|RAMCHANDRAN, DIVYA - University Of Illinois|
|WANG, PING - US Department Of Energy|
|LIU, WEI - University Of Illinois|
|SINGH, VIJAY - University Of Illinois|
Submitted to: Cereal Chemistry
Publication Type: Peer Reviewed Journal
Publication Acceptance Date: 11/3/2014
Publication Date: 4/1/2015
Publication URL: http://handle.nal.usda.gov/10113/62179
Citation: Ramchandran, D., Wang, P., Dien, B.S., Liu, W., Cotta, M.A., Singh, V. 2015. Improvement of dry fractionation ethanol fermentation by partial germ supplementation. Cereal Chemistry. 92:218-223.
Interpretive Summary: The United States produces over 12 billion gallons of fuel ethanol per year from corn. Isolation of the corn germ prior to fermentation allows for recovery of valuable corn oil as a co-product and removes non-fermentable fiber from the fermentation tanks. The latter can increase plant productivity. However, removal of the germ fraction has been observed to lead to sluggish and incomplete fermentations presumably because the germ contains micro-nutrients that enhance ethanol fermentation. This paper demonstrates that partial back mixing of just 2% of the isolated germ into the degermed corn meal counteracts this effect. Furthermore, the use of newly developed raw starch hydrolysis technology, which is practiced in several plants commercially, leads to higher ethanol titers compared to when whole corn is fermented. As such, this paper demonstrated a method that allows for recovery of corn germ and that enhances ethanol titer. This paper will be of interest to current corn ethanol producers and associated engineering firms.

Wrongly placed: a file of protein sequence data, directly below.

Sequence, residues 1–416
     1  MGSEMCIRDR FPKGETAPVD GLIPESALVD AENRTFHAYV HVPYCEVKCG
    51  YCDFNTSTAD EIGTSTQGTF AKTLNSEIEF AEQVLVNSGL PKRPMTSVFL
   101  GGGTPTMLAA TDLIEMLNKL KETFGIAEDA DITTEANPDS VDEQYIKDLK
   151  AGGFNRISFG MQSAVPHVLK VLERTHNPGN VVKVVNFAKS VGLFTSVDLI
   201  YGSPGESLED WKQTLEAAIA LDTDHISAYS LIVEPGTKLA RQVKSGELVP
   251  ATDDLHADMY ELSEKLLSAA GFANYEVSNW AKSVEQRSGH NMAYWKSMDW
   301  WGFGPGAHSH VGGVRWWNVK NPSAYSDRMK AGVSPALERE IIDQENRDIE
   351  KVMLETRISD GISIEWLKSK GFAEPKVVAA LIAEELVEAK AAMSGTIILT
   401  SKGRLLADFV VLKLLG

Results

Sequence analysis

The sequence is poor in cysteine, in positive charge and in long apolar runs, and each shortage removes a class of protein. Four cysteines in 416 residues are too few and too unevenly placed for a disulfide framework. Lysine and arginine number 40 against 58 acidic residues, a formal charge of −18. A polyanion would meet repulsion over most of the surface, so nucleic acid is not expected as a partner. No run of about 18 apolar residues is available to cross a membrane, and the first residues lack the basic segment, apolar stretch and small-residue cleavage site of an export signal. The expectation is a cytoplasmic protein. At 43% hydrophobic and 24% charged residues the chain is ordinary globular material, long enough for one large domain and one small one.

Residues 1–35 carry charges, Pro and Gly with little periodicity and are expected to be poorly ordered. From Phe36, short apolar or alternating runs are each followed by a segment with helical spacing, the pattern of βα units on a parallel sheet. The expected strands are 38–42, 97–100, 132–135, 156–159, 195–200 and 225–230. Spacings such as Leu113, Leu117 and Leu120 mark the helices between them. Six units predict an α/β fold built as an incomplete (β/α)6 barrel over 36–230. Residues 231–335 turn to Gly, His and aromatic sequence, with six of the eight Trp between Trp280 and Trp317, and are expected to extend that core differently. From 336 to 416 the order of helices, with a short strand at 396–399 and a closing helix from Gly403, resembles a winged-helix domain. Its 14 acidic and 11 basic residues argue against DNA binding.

Technical Abstract: Ethanol fermentation of dry fractionated grits (corn endosperm pieces) containing different levels of germ was studied using the dry grind process. Partial removal of germ fraction allows for marketing the germ fraction and potentially more efficient fermentation. Grits obtained from a dry milling plant were mixed with different amounts of germ (2, 5, 7 and 10% germ of the total sample) and compared to control grits (0% germ). Fermentation rates of germ supplemented grits (2, 5, 7 and 10% germ) were faster than control grits (0% germ). Addition of 2% germ was sufficient to achieve high ethanol concentration (19.06% v/v) compared to control grits (18.18% v/v). Fermentation of dry fractionated grits (92, 95 and 97% grits) obtained from a commercial facility was also compared to ground whole corn (control). Fermentation rates were slower and final ethanol concentrations were lower for commercial grits than control sample. However, in a final experiment, commercial grits were subjected to raw starch hydrolyzing enzymes (RSH) resulting in higher ethanol concentrations (20.22, 19.90, 19.49% v/v for 92, 95 and 97% grits, respectively) compared to whole corn control (18.64% v/v). Therefore, high ethanol concentrations can be achieved with dry fractionated grits provided inclusion of certain amount of germ and the use of RSH for controlled starch hydrolysis.